2. Credit history: Credit scores, while mysterious, are actually pretty predictable. My first credit card was opened at age 17, so I have a long, positive credit history. Which I am told will help me when I buy… property… or something. I don’t know, but I’ve never been hassled on a credit check.
2. Take more walks, buy small things
When I was in high school I used to take long, angsty walks around town. In Duluth, I walked around campus, downtown, by the lake, around my apartment – everywhere, even sometimes when it was just a field, because I really wanted to go to Walmart for some reason3. Sometimes it’s nice to just walk.
Those closest to me know that I find fewer greater joys in the world than the pleasure of a good snack, and those go hand in hand with a good walk. Maybe it’s just me, but even buying something as stupid as a 75c Diet Coke from a vending machine or small fries from the Central Entrance Burger King and walking down the street, snack in hand, always made me feel free and independent. Compulsive junk-food consumption? Perhaps…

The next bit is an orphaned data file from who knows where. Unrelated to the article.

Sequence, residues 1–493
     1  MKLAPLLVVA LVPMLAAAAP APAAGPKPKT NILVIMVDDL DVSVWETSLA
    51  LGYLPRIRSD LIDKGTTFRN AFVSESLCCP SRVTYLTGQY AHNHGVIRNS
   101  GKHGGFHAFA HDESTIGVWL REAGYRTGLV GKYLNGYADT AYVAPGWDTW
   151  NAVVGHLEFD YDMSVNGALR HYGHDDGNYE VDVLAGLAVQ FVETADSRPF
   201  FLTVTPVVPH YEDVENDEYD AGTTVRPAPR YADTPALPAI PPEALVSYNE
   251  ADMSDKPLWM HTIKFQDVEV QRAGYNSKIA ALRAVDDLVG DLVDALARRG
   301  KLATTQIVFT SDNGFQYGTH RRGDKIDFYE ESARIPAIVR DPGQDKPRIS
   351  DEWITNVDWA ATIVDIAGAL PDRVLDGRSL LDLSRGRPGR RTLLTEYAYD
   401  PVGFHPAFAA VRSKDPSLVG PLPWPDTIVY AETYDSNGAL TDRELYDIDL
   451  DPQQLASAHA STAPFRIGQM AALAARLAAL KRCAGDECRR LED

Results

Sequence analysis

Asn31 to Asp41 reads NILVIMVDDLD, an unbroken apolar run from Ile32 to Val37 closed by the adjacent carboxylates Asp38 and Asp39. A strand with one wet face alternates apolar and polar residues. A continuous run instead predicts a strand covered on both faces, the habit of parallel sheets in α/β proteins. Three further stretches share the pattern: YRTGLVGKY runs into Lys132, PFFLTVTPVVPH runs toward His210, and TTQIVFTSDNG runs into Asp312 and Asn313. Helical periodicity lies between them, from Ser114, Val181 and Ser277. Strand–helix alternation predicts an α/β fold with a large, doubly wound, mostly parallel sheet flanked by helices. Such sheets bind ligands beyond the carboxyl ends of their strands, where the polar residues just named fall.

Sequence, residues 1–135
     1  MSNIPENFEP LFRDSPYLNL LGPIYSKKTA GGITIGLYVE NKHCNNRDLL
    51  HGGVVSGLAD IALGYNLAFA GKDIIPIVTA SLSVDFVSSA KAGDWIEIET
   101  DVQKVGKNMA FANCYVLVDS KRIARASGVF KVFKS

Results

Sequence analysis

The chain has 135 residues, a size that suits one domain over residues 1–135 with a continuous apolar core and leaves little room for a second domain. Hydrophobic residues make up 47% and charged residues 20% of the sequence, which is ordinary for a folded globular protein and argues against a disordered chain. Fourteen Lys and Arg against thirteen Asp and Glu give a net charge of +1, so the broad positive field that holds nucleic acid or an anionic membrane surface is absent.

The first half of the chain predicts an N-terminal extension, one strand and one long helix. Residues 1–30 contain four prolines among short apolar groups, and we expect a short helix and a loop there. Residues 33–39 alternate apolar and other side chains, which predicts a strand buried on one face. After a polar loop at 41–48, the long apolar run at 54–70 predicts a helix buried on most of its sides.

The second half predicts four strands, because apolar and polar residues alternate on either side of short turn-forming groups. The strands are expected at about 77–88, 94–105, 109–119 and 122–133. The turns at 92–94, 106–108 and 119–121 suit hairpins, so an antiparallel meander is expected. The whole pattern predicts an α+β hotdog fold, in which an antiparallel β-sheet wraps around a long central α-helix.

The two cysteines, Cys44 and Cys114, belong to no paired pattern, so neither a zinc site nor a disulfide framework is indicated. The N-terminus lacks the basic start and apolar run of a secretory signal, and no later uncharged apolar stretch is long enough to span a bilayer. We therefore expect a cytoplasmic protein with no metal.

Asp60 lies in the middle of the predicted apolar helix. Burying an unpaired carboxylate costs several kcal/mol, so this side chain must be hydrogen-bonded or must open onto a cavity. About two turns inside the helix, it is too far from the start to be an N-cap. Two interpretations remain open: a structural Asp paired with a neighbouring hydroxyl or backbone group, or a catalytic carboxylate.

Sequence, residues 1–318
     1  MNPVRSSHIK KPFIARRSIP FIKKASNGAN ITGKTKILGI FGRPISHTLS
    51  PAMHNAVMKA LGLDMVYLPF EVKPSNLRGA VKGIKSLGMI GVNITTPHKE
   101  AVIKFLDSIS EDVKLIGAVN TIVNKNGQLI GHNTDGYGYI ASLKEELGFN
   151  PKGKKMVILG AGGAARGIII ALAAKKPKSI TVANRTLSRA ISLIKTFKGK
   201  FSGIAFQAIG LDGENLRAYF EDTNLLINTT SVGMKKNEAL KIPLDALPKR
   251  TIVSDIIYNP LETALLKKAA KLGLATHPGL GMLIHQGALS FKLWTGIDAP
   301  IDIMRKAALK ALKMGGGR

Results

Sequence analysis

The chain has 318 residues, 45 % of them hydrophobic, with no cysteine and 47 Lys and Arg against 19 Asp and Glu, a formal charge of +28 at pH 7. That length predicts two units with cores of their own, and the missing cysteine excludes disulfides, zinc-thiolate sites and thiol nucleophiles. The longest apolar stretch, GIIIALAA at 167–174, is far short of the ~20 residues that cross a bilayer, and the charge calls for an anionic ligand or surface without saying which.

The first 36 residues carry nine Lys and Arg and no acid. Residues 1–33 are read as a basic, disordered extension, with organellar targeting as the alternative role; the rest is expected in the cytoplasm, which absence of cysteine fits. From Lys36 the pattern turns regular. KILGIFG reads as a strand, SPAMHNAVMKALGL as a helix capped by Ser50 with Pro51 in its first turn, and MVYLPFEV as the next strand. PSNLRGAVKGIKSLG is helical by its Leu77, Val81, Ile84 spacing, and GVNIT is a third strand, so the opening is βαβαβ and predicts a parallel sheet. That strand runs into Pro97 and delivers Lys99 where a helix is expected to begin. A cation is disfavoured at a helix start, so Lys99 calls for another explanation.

3. Learn How To Travel
I talk about this all the time to lots of different people, because I still can’t get over how impossibly hard travel seemed when I was growing up. My sister and I4 used to watch a Disney vacation planning video like it was an actual movie! I remember nearly having it memorized scene by scene. Disney World seemed like the most fantastic, elegant and far-away place I could ever dream of going!
The reality for my parents was that traveling with a hoard of children is hard and really expensive; however, I did not have that problem after moving out! I jumped at the opportunity to study abroad5 as soon as possible and what I discovered was that travel planning: booking train tickets, flights, hotels, finding stuff to do, everything – was not as difficult as I had always imagined it to be.
But you don’t have to go to Europe to travel. A few years after we returned from Worcester, Miranda and I used this knowledge and confidence to take the bit of savings that we had, pack up my car, and drive to Seattle. We had lined up an apartment on Craigslist and planned out our route. That was about it – we kept the trip itself low-stress so I had plenty of time to freak out about the other massive life changes that were in store.
4. Keep Some Perspective